Conrad Black, the disgraced Canadian businessman who once headed one of the world's largest newspaper empires, was sentenced Monday to 78...
CHICAGO — Conrad Black, the disgraced Canadian businessman who once headed one of the world’s largest newspaper empires, was sentenced Monday to 78 months in federal prison for stealing millions of dollars from his company.
U.S. District Judge Amy St. Eve also ordered him to forfeit $6.1 million in ill-gotten profits and pay a $125,000 fine. He does, however, get to keep his Florida mansion, as well as the proceeds from the sale of his New York apartment.
Under federal law, defendants must serve a minimum of 85 percent of the prison sentence they receive. That means Black won’t be eligible for parole until 2012.
Most Read Business Stories
In July, after a nearly four-month trial, a federal jury convicted Black and three other former executives of Hollinger International, the parent of the Chicago Sun-Times, of illegally receiving payments as part of the company’s sales of U.S. newspapers.
On the strength of a videotape that showed Black removing 13 boxes from his Toronto office in the middle of the government’s fraud probe, the jury also ruled that Black had impeded the investigation.
Prosecutors were seeking a jail term of between 19 and 25 years for Black, 63, which could have sent the former Hollinger chairman to prison for the remainder of his life.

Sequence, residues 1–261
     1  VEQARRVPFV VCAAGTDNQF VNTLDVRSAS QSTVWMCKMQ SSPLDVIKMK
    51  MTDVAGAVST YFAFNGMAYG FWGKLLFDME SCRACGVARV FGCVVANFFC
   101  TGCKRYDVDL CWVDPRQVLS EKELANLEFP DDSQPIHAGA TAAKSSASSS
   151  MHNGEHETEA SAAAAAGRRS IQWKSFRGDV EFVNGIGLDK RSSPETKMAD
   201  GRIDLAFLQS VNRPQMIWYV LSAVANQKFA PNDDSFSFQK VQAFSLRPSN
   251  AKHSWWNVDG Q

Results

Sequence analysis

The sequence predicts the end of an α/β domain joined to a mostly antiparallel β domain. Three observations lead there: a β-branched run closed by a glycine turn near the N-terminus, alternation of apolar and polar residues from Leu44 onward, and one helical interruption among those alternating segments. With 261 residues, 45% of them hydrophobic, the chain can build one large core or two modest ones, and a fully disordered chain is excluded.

However, Judge St. Eve, on Monday said federal guidelines suggested the range of jail time Black would face was 78 to 97 months — or between six and a half to eight years.
His lawyers had argued for a lenient sentence, even suggesting that Black should serve no more time than his former business partner, F. David Radler. As part of a guilty plea to one count of fraud, Radler agreed to a 29-month jail term in exchange for cooperating with the prosecution. He will be sentenced Dec. 17.
Radler, the former Hollinger president and ex-publisher of the Sun-Times, testified at trial that Black masterminded the scheme to loot Hollinger through bogus agreements not to compete with the new owners of its newspapers.
Some of these “noncompete” payments were not disclosed to shareholders or even Hollinger’s audit committee.
In the deals, Black, Radler and two other executives pocketed at least $32.2 million, evidence at the trial showed. But defense lawyers argued that noncompete payments are legitimate and customary in newspaper deals, a claim the jury appeared to find credible in some instances.
12 days of deliberations
The panel, after 12 days of deliberations, convicted Black of three counts of financial fraud but found him not guilty of racketeering and other more serious charges. The jury in its verdict found that Black had illegally taken a modest $2.9 million.
Black has emphatically asserted his innocence since he was indicted in 2005 and has maintained that defiant attitude since the end of the trial.
Prosecutors had urged the judge to give Black a harsher sentence for his lack of remorse.
Born to wealth in Montreal, Black parlayed a tidy investment in a group of community newspapers into a media empire with holdings in the U.S., Great Britain, Israel and Canada.
Prison will be a humbling experience for the man who once owned mansions in Toronto, New York, London and Palm Beach, Fla. Since his conviction, he has been living in Palm Beach, free on $21 million bail but unable to travel to Canada on judge’s orders.